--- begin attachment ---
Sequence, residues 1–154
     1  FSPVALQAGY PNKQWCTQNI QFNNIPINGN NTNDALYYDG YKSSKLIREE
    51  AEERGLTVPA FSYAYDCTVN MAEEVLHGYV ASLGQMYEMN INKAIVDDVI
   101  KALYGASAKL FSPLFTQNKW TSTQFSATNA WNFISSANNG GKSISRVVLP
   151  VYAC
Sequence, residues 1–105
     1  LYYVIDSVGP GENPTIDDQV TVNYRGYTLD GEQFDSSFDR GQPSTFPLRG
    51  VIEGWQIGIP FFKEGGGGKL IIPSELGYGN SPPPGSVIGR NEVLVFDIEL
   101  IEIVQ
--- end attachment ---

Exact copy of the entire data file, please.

Sequence, residues 1–154
     1  FSPVALQAGY PNKQWCTQNI QFNNIPINGN NTNDALYYDG YKSSKLIREE
    51  AEERGLTVPA FSYAYDCTVN MAEEVLHGYV ASLGQMYEMN INKAIVDDVI
   101  KALYGASAKL FSPLFTQNKW TSTQFSATNA WNFISSANNG GKSISRVVLP
   151  VYAC
Sequence, residues 1–105
     1  LYYVIDSVGP GENPTIDDQV TVNYRGYTLD GEQFDSSFDR GQPSTFPLRG
    51  VIEGWQIGIP FFKEGGGGKL IIPSELGYGN SPPPGSVIGR NEVLVFDIEL
   101  IEIVQ